Senegal opposition cries coup as presidential election delayed 10 months and violent protests grip Dakar

Johannesburg — Senegal’s parliament voted Monday to delay crucial national elections until Dec. 15 after chaotic scenes in the chamber that included opposition members being dragged out by police in riot gear. Opposition leaders denounced the proceedings as “a constitutional coup” as a motion was debated and then voted on that will, having passed, keep President Macky Sall in office for almost another year.

Sall first announced in a nationally televised address on Saturday that he was delaying the election until December, arguing it was necessary due to corruption allegations made against the country’s constitutional council. He said the dispute needed to be resolved before the vote could proceed.

Fiery protests broke out immediately in front of the National Assembly, as people took to the streets and police resorted to tear gas to try to restore order in the normally peaceful west African nation.

Senegalese security forces walk down a street during demonstrations called by the opposition parties in Dakar, Senegal, Feb. 4, 2024, to protest against a postponement of the West African nation’s presidential election.


With the Monday night vote, Senegal’s lawmakers appear to have cemented the delay, meaning Sall will likely remain in power for months to come — well beyond his election mandate and against the stipulations laid out in the country’s constitution.

Two of the candidates who’d been set to compete in the presidential election originally scheduled for Feb. 25, one of them being former Prime Minister Aminata Toure, were among those arrested during protests on Sunday and later released.

“The situation is completely catastrophic, Senegal’s image is ruined, and I don’t think we’ll be recovering from this democratic bankruptcy, this tsunami in the rule of law, any time soon,” the AFP news agency quoted opposition deputy Ayib Daffe as saying after Monday’s parliamentary vote.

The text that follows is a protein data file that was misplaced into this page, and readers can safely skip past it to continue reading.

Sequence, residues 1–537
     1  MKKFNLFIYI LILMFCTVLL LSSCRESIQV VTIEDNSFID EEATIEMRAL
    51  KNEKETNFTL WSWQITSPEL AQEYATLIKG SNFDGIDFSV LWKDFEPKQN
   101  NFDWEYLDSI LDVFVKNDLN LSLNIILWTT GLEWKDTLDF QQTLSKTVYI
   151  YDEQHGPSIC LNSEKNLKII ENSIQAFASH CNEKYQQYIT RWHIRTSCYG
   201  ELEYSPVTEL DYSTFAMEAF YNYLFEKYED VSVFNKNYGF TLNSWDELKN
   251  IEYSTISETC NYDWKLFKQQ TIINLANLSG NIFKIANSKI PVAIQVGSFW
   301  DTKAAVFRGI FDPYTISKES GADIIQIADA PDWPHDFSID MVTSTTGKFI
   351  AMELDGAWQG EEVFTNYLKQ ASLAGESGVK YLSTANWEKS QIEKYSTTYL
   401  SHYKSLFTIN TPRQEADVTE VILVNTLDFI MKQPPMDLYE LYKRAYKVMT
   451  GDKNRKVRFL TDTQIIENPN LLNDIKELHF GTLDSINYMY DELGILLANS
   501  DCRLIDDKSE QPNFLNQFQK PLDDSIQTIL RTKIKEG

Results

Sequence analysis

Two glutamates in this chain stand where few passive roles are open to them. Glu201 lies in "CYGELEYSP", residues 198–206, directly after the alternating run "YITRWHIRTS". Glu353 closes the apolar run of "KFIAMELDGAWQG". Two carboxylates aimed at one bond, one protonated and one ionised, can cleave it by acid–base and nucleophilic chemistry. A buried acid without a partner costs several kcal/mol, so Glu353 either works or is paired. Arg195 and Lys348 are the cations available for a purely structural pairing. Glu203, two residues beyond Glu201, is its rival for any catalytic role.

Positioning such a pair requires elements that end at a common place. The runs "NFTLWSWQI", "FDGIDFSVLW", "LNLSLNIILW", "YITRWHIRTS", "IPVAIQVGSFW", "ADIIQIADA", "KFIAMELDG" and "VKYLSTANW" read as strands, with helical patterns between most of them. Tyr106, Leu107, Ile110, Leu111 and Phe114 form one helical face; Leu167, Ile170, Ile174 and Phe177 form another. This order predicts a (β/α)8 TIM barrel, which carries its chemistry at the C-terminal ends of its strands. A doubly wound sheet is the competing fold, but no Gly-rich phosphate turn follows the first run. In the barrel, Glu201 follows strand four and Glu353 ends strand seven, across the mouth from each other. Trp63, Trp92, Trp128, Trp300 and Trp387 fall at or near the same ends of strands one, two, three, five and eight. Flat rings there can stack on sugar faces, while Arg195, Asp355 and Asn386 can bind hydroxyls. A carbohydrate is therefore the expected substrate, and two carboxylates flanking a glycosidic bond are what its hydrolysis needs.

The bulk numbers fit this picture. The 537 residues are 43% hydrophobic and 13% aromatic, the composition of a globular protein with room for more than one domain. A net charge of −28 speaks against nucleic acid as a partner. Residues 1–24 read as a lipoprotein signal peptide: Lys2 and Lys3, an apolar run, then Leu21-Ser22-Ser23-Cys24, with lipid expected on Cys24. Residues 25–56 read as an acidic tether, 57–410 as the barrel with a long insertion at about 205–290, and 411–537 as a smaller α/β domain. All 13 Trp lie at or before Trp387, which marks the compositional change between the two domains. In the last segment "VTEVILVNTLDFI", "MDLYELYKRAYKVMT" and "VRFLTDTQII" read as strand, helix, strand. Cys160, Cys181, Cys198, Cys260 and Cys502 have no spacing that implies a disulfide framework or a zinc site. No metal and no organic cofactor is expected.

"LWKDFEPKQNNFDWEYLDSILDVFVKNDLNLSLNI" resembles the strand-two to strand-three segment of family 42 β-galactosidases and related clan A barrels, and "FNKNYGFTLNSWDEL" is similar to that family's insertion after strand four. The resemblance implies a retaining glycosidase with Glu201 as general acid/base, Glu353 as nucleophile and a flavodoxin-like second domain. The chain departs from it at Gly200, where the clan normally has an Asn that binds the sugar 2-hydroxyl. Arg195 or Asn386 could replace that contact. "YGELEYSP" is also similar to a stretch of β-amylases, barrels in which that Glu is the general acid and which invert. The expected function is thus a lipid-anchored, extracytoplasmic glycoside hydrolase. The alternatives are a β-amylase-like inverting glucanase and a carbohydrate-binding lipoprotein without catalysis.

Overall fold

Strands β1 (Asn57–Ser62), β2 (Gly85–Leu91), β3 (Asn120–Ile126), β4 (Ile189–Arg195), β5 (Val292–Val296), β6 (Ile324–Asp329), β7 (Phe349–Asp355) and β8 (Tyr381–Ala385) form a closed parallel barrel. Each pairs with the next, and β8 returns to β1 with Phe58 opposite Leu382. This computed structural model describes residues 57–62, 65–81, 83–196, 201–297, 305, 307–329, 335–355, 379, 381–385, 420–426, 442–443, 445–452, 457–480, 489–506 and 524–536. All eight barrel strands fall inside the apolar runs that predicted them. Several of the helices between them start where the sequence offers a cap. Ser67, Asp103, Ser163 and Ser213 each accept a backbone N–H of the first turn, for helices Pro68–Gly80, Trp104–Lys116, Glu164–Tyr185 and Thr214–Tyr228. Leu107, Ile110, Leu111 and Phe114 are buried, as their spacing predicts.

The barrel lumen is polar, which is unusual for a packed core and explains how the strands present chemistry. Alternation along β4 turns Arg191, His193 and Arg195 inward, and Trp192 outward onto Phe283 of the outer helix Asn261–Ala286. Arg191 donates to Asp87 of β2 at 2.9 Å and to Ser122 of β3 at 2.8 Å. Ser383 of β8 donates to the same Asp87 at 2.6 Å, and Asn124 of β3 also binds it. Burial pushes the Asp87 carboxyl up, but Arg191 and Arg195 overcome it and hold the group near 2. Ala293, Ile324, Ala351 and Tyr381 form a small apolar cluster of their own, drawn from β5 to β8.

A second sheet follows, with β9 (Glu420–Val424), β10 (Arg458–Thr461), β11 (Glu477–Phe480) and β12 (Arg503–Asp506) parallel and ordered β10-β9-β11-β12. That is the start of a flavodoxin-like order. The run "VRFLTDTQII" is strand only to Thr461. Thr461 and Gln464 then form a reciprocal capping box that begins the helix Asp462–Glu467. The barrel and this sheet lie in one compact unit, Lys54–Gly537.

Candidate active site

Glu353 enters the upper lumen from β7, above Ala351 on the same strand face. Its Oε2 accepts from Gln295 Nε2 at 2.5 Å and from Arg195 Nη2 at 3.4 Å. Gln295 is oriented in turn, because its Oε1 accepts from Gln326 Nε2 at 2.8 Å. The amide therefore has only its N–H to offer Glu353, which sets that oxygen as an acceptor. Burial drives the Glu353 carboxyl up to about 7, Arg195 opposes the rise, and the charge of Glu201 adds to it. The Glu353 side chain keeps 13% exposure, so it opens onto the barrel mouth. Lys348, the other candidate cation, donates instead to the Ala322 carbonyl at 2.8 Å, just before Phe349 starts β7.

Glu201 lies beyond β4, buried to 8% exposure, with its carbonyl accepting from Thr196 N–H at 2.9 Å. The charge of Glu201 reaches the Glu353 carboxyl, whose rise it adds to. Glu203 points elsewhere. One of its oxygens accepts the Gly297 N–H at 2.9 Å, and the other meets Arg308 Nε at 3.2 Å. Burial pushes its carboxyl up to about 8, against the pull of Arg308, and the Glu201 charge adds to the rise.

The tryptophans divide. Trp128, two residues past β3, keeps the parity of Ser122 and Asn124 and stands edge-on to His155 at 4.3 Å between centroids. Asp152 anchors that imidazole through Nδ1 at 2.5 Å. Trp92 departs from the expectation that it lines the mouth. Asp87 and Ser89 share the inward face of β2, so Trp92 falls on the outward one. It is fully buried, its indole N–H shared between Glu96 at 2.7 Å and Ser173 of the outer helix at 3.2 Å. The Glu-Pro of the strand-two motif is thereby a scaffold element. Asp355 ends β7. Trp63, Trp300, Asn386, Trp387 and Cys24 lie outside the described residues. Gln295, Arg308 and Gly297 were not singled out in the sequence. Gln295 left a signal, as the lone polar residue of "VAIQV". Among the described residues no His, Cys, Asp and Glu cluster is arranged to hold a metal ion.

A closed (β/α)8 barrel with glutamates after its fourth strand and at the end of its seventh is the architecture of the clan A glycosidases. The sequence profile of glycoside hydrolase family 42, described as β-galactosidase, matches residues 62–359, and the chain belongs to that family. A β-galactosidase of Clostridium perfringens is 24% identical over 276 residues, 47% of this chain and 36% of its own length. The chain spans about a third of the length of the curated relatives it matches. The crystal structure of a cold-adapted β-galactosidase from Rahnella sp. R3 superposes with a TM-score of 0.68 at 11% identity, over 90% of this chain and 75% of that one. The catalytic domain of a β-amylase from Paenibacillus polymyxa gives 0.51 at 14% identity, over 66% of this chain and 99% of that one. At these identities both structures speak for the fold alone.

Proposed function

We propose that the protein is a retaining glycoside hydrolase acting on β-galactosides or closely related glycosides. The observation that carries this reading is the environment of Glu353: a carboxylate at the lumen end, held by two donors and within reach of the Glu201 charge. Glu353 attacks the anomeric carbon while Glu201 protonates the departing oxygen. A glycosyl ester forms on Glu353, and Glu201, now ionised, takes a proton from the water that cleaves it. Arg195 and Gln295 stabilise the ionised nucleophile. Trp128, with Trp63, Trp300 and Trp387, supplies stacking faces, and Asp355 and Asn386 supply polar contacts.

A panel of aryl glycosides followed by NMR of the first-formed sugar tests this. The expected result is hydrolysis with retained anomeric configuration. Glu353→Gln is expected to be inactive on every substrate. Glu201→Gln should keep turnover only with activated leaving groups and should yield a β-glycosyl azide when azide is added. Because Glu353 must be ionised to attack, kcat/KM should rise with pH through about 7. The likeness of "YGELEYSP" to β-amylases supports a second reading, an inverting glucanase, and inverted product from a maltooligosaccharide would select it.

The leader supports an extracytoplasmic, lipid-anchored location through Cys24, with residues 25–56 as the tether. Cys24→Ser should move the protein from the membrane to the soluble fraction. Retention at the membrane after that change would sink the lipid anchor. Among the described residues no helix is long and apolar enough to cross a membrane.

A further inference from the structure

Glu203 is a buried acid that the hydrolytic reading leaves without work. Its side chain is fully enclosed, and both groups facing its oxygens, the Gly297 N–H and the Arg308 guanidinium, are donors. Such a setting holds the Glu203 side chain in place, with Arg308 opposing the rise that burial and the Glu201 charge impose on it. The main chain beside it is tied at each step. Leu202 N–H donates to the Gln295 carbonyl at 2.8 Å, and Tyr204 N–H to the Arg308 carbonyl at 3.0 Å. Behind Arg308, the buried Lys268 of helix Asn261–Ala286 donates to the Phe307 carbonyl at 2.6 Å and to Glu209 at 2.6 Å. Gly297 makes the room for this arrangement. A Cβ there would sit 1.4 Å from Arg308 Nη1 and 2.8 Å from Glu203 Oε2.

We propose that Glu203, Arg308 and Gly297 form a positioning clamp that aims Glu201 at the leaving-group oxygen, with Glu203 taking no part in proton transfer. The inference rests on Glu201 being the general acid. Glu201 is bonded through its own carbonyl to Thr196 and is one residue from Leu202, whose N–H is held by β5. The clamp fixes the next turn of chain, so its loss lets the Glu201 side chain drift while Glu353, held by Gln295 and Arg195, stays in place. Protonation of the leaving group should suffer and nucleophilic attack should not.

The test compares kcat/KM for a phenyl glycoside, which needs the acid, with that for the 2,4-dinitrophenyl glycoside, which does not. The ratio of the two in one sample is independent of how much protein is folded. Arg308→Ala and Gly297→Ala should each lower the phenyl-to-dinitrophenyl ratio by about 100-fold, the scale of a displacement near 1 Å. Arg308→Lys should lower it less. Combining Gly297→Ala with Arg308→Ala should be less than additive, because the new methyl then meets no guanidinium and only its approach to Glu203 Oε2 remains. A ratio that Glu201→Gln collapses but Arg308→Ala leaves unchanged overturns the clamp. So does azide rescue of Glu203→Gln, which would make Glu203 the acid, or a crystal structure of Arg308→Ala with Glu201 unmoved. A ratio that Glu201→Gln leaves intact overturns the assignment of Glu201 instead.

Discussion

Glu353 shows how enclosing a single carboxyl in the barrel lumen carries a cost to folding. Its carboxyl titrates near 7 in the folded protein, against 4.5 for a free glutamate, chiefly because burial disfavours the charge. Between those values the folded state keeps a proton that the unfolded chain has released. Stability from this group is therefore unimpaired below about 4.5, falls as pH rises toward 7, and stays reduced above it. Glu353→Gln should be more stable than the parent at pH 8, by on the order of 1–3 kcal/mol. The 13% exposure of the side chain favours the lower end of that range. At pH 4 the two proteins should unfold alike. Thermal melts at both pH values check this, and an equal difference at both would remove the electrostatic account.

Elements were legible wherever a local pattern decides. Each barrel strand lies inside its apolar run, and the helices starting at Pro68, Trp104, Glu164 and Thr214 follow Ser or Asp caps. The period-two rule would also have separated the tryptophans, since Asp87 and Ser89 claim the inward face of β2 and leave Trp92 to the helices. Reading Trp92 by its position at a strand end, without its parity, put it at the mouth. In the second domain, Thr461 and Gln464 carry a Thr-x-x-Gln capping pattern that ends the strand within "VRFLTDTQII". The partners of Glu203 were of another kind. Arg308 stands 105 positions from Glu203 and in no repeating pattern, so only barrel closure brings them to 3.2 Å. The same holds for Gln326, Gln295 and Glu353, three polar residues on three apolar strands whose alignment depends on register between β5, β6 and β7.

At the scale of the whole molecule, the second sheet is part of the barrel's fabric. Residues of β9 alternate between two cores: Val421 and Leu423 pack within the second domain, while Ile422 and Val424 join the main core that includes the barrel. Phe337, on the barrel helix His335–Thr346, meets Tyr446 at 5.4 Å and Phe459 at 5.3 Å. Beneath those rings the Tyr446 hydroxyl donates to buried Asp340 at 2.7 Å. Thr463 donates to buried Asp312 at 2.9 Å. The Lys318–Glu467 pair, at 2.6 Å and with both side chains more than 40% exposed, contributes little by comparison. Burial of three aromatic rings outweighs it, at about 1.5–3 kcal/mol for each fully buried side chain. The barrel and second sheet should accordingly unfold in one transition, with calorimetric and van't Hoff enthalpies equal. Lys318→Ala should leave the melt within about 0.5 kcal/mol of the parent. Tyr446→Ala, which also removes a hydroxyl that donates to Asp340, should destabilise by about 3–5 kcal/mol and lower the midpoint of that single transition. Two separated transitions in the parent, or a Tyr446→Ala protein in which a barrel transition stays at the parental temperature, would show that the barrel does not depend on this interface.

Before the lawmakers gathered for the Monday session, the internet had been cut off and a TV station that has been critical of the government was shut down.

Sall has said he’s trying to avoid a crisis, but that notion hasn’t been taken seriously, especially after he hinted at the possibility of vying for a third term despite the presidential two-term limit in Senegal’s constitution.

Senegalese President Macky Sall, left, arrives for the investiture ceremony of the new president of the Democratic Republic of Congo during a visit to Kinshasa, Jan. 20, 2024.


Since gaining independence from France in 1960, Senegal has been one of the most stable democracies in a region plagued by upheaval, which has enabled solid economic growth. Over the last three years alone there have been five successful military coups across West African nations, as well as three others that saw constitutional coups. Four attempted coups were averted during the same period.

U.S. officials, as well as fellow leaders from the Economic Community of West African States, or ECOWAS, and the African Union have all expressed concern over the election delay.

Speaking during a daily briefing on Monday, State Department spokesperson Vedant Patel said the U.S. government had not yet assessed the circumstances as a coup, but that it was closely monitoring developments and was “deeply concerned about the situation in Senegal.”

“Senegal has a strong tradition of democracy and peaceful transitions of power,” Patel said. “While we acknowledge allegations of irregularities, we are concerned about the disruption of the presidential election calendar, and we urge all participants in Senegal’s political process to engage in — peacefully, to engage peacefully in the important effort to hold free, fair, and timely elections. We also call on Senegalese authorities to restore internet access immediately and to respect freedom of expression, including for members of the press.”

Asked how the U.S. could support Senegal’s democracy, Patel said Washington had “lines of effort through technical and financial support, as well as working directly with election authorities and civil society.”

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